We're moving. Again. It's the third time in less than three years - but at least this time it's not across the darn country. It is, however, to the suburbs.
When we first moved to our current city, we drove around the area where our new house is located and looked at each other in horror. I think my exact words were: "I cannot live here. It feels like death." As it turns out, death comes with an awesome kitchen and some really nice bathrooms.
To back up a bit, when I met my husband, we were both living in urban-ish neighborhoods where we could pop out of our respective apartments/condos and walk to a variety of shops and restaurants. We didn't have a yard. We didn't know our neighbors. We didn't think about childproofing the cabinets. When we moved to the east coast, I was 6 months pregnant and we snapped up the first house that we found in order to avoid having our first child while living in a corporate apartment. Luckily for us, the first thing available happened to be new construction with insanely nice amenities. When we moved to the west coast a little over a year ago, we made the choice to trade closet space, solid construction, and a functional kitchen for a sweet view - and it was a great decision. I would make it again if I had to. I have loved watching the sunrise and sunset, rediscovering my legs after stomping up and down the hills in our neighborhood, and being five minutes away from the beach.
But my husband and I are midwesterners, and we both have higher than average needs for personal space. We are used to spreading out, accumulating. We expect homes to be built of brick - or failing that, at least to last more than a few decades before noticeably falling apart. We don't like ants, or mold, or having our clothes closet located in his study - all intractable annoyances in our current house. I will miss the view of water and reflected sunlight on sunny days and the feeling of living in a cloud on rainy ones. Still, the time comes when we have to do things we say we cannot do, or that we will never do. And that's where the bourbon comes in.
Kidding! Perhaps what has been oddest about the whole process of deciding to move inland, to a planned community where we have to drive everywhere, and where a lot of the houses look suspiciously alike and are conspicuously huge, is how easy the decision was and how excited we are about our new home.
For one thing, planned communities all look pretty much alike in certain key regards. Previously, this bothered me. Here in California where so much is foreign, and the lack of seasons is supremely unsettling to my sense of time, anything familiar is more reassuring than I would have anticipated. There will be days when it will seems like I could be living in Illinois, or Missouri, or New Jersey, and I like that. I can always look at the mountains we will now get to see, or hop in the car and drive to the ocean, or check the thermometer in January to remember where really I am.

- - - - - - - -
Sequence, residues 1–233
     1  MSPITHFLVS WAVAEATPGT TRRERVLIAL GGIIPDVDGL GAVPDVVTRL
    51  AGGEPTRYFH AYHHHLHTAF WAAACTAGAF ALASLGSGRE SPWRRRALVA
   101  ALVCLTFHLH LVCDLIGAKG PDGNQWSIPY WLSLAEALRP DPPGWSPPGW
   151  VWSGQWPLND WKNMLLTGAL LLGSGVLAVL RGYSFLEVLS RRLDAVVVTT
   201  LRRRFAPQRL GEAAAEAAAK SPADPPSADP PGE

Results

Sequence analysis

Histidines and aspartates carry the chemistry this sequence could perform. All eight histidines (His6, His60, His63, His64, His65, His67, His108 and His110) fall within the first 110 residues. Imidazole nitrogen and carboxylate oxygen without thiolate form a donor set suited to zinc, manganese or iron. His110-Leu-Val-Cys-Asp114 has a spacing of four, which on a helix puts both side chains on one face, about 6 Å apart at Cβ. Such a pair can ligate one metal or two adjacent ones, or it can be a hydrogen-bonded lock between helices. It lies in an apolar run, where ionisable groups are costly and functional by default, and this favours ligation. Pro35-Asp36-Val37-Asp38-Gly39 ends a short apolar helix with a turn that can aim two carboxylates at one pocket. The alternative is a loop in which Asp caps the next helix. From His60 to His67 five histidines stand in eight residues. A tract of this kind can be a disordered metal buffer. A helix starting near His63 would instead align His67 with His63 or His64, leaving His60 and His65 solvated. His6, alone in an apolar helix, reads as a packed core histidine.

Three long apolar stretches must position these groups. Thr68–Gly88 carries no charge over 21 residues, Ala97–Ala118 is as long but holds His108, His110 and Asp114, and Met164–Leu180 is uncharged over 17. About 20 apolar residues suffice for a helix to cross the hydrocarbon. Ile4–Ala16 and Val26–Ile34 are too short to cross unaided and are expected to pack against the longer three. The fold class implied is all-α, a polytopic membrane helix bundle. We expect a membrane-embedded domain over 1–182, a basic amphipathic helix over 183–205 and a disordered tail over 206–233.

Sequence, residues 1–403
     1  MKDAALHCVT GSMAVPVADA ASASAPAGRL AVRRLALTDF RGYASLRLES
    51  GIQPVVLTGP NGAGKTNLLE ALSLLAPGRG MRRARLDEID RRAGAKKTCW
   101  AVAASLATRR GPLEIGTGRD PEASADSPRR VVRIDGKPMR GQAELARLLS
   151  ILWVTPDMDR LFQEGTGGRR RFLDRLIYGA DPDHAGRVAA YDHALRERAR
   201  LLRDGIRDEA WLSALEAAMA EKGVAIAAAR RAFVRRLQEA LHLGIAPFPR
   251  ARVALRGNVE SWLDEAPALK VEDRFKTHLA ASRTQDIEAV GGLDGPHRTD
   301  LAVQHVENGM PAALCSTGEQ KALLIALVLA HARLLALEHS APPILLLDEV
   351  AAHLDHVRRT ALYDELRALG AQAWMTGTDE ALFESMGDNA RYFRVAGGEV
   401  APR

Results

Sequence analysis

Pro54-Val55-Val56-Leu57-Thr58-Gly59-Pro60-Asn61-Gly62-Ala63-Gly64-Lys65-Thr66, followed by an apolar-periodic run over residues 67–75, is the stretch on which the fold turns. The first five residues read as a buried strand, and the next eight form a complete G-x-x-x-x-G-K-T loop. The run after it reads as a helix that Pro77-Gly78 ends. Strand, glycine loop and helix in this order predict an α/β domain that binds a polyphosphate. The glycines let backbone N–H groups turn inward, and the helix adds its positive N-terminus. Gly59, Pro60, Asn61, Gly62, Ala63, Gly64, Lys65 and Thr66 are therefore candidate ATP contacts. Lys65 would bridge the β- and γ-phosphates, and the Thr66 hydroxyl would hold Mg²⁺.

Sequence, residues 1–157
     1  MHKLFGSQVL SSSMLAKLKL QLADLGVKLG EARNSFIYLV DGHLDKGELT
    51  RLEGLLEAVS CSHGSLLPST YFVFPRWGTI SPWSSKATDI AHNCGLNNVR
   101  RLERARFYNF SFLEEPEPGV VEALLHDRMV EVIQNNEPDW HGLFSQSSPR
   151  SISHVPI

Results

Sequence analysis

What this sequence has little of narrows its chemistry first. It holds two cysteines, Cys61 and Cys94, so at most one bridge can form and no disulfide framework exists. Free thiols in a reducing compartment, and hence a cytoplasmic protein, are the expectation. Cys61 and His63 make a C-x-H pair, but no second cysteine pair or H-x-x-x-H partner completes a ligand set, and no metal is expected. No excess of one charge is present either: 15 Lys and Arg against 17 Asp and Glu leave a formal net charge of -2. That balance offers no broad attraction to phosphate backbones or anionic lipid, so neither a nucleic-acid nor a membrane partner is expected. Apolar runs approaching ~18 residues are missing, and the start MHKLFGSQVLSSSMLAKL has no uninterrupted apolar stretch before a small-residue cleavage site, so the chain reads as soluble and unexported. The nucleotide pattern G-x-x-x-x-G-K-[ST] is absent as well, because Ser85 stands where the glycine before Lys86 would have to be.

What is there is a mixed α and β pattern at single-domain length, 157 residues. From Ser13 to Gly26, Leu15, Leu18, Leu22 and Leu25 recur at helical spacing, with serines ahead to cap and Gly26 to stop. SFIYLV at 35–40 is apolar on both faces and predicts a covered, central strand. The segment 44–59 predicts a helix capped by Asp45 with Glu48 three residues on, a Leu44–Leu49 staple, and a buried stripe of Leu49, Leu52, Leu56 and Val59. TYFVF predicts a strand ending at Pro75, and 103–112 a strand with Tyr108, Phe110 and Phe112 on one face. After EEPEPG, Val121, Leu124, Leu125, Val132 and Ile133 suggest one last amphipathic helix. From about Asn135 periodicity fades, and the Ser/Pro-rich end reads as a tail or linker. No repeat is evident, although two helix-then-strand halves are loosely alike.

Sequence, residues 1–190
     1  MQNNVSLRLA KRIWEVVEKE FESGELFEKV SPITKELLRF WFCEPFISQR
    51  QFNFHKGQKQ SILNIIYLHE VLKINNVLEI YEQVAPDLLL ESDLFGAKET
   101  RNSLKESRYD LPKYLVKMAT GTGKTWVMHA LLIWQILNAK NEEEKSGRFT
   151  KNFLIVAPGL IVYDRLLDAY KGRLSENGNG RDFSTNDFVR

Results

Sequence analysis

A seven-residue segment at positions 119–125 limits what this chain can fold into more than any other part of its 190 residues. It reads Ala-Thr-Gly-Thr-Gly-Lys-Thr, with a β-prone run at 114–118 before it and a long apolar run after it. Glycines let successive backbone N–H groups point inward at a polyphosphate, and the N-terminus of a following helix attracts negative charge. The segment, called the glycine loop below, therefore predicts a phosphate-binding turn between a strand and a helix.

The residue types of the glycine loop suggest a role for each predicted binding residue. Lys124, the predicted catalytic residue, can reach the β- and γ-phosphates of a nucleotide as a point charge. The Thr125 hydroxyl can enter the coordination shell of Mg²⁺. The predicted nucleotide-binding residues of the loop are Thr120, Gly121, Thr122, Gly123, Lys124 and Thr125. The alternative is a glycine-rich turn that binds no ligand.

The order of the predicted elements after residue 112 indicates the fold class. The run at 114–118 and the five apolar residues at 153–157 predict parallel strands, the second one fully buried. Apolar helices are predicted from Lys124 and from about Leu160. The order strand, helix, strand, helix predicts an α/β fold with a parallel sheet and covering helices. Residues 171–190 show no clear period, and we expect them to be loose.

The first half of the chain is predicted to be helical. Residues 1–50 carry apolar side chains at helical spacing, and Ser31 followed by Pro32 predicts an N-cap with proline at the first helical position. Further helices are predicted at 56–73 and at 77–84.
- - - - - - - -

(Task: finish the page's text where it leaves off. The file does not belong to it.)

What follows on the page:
It will be nice to have neighbors who are roughly our age and live in their houses year round. In our current neighborhood, most of our neighbors are upwards of 80 and use their homes as vacation properties, which adds to the sense of isolation living at the top of a mountain (where, by the way, we still have to drive everywhere). They also have children - young children for our daughter to play with, and older ones to babysit - which now seems delightful, rather than horrifying.
And we will have sidewalks. Lovely sidewalks for safe long walks, something which never bothered me until I had to hit the streets with a stroller. People really don't pay attention to pedestrians. And then there is the kitchen. My husband used to be a chef. He is also a curmudgeon. What makes him happy is good for everyone, especially my stomach.
My earlier self could not imagine my excitement about the exodus to suburbia. It seemed like selling out or giving up or giving in. But then again, my earlier self could never have imagined myself married or a mother. I know now, however, that I can be myself equally well in a studio apartment in St. Louis or a sprawling home in the suburbs. You're only selling out if you stop thinking for yourself or giving up if you stop doing the things you love. Oddly enough, I have done more to pursue the dreams of my youth in the last two post-baby years than in any of the previous decade. If I had known that tying myself down in certain ways would also provide opportunities for exploration and new kinds of freedom, I might have sold out much earlier.
It just goes to show, you never know where you will end up, and you never know how things will work out. You can be as conventional in the city as you can be subversive in the suburbs. If we lived in another city, or another part of the country, we would probably be making different choices. But we don't, and we aren't worrying about it. We'll probably be back east in under five years anyway, and all of this will just seem like California dreamin' anyway...the weather, the kitchen, the yard, the neighbors.
But about that bourbon...I'm pretty sure a Manhattan made in our new kitchen will taste every bit as delicious as it would in a townhouse or a beach house. Just don't ask what's in the Starbucks cup when I'm out on a walk. Trust me, you don't want to know.